The minarg thing might actually be an error, I think that's actually for finding the minimizing variable, whereas I do want to find the minimum. But I want to find the minimum for varying b. There may be multiple choices for a point b between a and c, and you want to find the one that gives the minimum spacing, which is the maximum of the minimum-spacing over a..b and b..c
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birbal
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 Re: Select points   « Reply #12 on: Dec 23rd, 2012, 6:10am » Quote Modify

Code:
 int SelectPoints(int *points, int n, int m) { int *maxDist = new int [n]; for(int i=1; i= i-1; j--) { int max = 0; for(int k = j-1; k >= i-2; k--) { int temp = min(points[j] - points[k], maxDist[k]); if(temp > max) { max = temp; } } maxDist[j] = max; } } return maxDist[n-1]; }

Is this code doing the same?
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Grimbal
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 Re: Select points   « Reply #13 on: Dec 23rd, 2012, 4:30pm » Quote Modify

I am not sure what you want to do, but it doesn't look too good.  You never consider point[j] - point[k] for j,k>n
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birbal
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 Re: Select points   « Reply #14 on: Dec 23rd, 2012, 8:16pm » Quote Modify

on Dec 23rd, 2012, 4:30pm, Grimbal wrote:
 I am not sure what you want to do, but it doesn't look too good.  You never consider point[j] - point[k] for j,k>n

oops...i think i changed m to n and n to m. Read m as n and n as m, it will make sense..
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birbal
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 Re: Select points   « Reply #15 on: Dec 23rd, 2012, 8:18pm » Quote Modify

Rewriting code with correct m, n meaning.
Code:
 int SelectPoints(int *points, int n, int m)   {   int *maxDist = new int [m];   for(int i=1; i= i-1; j--)   {   int max = 0;   for(int k = j-1; k >= i-2; k--)   {   int temp = min(points[j] - points[k], maxDist[k]);   if(temp > max)   {   max = temp;   }   }   maxDist[j] = max;   }   }   return maxDist[m-1];   }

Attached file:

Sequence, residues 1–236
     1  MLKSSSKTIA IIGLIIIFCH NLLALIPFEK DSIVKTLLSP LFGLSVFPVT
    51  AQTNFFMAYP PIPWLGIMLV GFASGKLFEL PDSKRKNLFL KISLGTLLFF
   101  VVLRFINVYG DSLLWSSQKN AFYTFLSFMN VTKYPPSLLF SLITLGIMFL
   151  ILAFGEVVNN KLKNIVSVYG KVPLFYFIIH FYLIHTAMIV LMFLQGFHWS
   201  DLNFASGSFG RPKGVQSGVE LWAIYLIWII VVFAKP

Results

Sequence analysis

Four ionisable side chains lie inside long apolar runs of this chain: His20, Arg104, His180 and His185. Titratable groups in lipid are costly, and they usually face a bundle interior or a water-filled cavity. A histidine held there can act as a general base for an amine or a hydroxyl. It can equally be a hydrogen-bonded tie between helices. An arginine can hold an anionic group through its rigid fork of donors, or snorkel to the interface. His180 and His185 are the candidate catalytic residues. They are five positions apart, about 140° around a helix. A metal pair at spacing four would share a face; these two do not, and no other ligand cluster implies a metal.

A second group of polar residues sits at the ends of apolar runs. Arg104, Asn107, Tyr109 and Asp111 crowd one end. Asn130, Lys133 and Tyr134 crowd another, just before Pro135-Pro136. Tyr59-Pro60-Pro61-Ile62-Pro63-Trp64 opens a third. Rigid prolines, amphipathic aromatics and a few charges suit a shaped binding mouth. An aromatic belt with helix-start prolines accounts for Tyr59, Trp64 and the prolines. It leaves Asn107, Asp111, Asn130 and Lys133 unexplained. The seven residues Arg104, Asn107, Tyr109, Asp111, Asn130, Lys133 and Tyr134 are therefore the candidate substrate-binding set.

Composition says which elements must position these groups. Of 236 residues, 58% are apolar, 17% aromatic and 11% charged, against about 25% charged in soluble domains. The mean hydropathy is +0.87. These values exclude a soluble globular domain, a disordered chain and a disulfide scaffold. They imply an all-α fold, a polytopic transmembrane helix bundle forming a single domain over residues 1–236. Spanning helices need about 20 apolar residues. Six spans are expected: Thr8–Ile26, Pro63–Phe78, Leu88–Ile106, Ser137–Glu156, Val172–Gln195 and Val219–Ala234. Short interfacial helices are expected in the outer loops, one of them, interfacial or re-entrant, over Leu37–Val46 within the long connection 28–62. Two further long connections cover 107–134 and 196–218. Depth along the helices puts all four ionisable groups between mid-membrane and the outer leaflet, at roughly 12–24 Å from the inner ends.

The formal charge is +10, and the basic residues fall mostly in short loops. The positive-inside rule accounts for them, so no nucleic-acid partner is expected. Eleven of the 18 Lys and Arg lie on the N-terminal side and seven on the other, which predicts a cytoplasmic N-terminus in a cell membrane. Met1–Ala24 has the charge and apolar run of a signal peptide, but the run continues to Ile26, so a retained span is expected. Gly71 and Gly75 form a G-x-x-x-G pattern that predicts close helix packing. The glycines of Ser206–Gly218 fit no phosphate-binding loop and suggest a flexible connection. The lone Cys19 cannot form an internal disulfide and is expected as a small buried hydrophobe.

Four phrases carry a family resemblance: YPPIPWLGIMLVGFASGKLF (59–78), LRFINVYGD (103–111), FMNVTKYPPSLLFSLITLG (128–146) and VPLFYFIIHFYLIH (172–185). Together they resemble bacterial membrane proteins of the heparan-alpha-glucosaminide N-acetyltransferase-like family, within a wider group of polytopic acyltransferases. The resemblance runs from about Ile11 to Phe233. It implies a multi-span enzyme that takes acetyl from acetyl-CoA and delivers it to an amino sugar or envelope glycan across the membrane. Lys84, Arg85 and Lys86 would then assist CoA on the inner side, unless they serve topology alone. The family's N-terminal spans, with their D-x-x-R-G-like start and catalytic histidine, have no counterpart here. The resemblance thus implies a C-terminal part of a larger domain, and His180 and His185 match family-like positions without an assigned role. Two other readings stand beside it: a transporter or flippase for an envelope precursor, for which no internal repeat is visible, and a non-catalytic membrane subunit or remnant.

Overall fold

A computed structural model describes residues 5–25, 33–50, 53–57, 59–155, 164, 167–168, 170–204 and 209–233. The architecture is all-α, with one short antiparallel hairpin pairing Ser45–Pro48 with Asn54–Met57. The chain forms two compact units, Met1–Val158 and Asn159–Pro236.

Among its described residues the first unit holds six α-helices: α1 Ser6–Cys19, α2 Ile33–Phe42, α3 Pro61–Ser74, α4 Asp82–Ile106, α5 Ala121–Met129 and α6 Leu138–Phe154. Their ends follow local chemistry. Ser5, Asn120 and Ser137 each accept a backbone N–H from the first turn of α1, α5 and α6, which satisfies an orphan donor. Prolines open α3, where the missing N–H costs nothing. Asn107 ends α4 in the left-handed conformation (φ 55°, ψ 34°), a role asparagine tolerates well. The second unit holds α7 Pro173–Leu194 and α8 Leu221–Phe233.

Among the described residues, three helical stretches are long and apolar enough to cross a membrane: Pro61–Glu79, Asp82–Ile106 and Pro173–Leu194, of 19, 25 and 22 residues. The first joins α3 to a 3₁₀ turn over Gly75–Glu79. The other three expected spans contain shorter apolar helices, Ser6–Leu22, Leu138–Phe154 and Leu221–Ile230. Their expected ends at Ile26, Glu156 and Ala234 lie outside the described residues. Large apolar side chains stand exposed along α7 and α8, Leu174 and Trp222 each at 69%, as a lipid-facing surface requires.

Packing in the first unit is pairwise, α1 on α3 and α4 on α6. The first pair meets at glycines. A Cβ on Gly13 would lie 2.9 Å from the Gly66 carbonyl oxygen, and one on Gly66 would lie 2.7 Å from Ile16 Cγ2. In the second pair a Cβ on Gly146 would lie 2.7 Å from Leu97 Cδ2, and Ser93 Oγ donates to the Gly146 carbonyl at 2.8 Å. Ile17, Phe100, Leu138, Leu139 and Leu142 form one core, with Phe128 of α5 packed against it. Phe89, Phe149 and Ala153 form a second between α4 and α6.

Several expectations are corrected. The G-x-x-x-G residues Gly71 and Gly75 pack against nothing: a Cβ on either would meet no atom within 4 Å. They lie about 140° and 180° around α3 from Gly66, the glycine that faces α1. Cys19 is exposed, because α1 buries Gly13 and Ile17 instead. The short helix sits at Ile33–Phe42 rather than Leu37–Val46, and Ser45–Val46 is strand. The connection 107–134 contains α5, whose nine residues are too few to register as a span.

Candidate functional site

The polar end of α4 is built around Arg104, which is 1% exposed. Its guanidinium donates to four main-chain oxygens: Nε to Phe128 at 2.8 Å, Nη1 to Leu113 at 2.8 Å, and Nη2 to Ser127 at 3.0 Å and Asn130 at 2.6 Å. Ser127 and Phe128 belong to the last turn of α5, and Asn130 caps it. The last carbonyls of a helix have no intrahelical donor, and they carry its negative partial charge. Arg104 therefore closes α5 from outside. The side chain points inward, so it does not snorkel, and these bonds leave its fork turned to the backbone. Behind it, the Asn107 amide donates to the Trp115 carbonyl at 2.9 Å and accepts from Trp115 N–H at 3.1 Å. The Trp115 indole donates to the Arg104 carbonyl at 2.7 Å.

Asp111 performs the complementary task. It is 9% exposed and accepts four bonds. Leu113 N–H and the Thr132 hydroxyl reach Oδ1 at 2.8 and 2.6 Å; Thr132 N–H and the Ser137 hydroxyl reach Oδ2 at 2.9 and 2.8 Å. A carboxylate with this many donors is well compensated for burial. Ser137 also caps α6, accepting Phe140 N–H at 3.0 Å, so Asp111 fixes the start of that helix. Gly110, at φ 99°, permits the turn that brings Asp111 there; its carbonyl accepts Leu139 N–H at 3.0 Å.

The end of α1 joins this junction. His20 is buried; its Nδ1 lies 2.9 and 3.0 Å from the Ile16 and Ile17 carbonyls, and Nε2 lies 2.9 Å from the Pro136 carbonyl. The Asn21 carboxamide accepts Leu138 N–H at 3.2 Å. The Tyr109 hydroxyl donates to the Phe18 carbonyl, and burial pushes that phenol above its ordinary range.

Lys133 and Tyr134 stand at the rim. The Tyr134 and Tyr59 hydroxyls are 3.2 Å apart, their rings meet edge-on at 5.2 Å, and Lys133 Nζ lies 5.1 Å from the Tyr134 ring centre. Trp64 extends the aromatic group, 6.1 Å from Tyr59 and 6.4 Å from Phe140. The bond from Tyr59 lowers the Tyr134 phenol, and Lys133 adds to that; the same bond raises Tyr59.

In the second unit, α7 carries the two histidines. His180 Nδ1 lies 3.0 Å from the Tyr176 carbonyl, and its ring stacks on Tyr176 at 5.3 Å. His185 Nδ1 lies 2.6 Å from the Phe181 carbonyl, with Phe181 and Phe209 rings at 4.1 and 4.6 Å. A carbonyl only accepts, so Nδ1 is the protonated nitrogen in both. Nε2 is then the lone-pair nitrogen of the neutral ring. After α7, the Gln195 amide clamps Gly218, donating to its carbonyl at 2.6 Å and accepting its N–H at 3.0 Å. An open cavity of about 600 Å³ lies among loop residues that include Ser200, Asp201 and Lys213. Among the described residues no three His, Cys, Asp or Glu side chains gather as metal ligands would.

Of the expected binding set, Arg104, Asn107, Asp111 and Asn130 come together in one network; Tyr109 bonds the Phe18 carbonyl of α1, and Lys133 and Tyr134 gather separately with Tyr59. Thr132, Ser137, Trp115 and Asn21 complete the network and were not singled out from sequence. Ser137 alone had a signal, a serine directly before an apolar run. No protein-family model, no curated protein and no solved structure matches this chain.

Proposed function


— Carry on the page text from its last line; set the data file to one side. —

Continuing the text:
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Grimbal
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 Re: Select points   « Reply #16 on: Dec 24th, 2012, 3:59am » Quote Modify

In the meantime I realized you just inverted n and m.  It looks correct to me.

If I understand towr's idea correctly, it is not exactly the same.  Towr splits the problem in 2 halves and searches the optimal point b where to cut it.  You do the same, but on the right side you add a single interval.

Note that the optimal k can be found faster.  As k increases, maxDist[k] increases but point[j]-point[j] decreases.  So you could search the best k with a binary search.  Or maybe you could search sequentially from the optimal k you found for the previous value of j.  It shouldn't be far.
 « Last Edit: Dec 24th, 2012, 3:59am by Grimbal » IP Logged
birbal
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 Re: Select points   « Reply #17 on: Dec 24th, 2012, 8:46am » Quote Modify

on Dec 24th, 2012, 3:59am, Grimbal wrote:
 In the meantime I realized you just inverted n and m.  It looks correct to me.   If I understand towr's idea correctly, it is not exactly the same.  Towr splits the problem in 2 halves and searches the optimal point b where to cut it.  You do the same, but on the right side you add a single interval.   Note that the optimal k can be found faster.  As k increases, maxDist[k] increases but point[j]-point[j] decreases.  So you could search the best k with a binary search.  Or maybe you could search sequentially from the optimal k you found for the previous value of j.  It shouldn't be far.

Agreed. I did not pay attention to such optimisation, was just trying to convert idea to code.

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 Re: Select points   « Reply #18 on: Dec 24th, 2012, 10:41am » Quote Modify

I don't think this idea will ever be as efficient as the other approach.
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birbal
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 Re: Select points   « Reply #19 on: Dec 24th, 2012, 12:05pm » Quote Modify

on Dec 24th, 2012, 10:41am, towr wrote:
 I don't think this idea will ever be as efficient as the other approach.

Can you convert your idea to code? It will be better undertandable that way
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 Re: Select points   « Reply #20 on: Dec 24th, 2012, 1:06pm » Quote Modify

The following should give the gist of it (but it can probably be improved and there may be bugs.)

Python Code:
 def findMaxMinDistance(points, m):  upperlimit = round((points[-1]-points[0])/(m-1));  lowerlimit = upperlimit;  for i in range(1, len(points)):   lowerlimit = min(lowerlimit, points[i]-points[i-1]);    return findMaxMinDistanceBetween(points, m, lowerlimit, upperlimit);       def findMaxMinDistanceBetween(points, m, lowerlimit, upperlimit):  if lowerlimit >= upperlimit:    return upperlimit    hdist = round((lowerlimit+upperlimit+1)/2);  rdist = findPathMin(points, m, hdist);  if rdist == -1:   return findMaxMinDistanceBetween(points, m, lowerlimit, hdist-1);  else:   return findMaxMinDistanceBetween(points, m, rdist, upperlimit);       def findPathMin(points, m, distance):  prev = points[0];  nextEst = prev + distance;  minDist = points[-1];  m -=1;  for point in points[1:]:   if point >= nextEst:     minDist = min(minDist, point-prev)     m-=1;     prev = point     nextEst = prev + distance;  if m <= 0:   return minDist;  else:   return -1;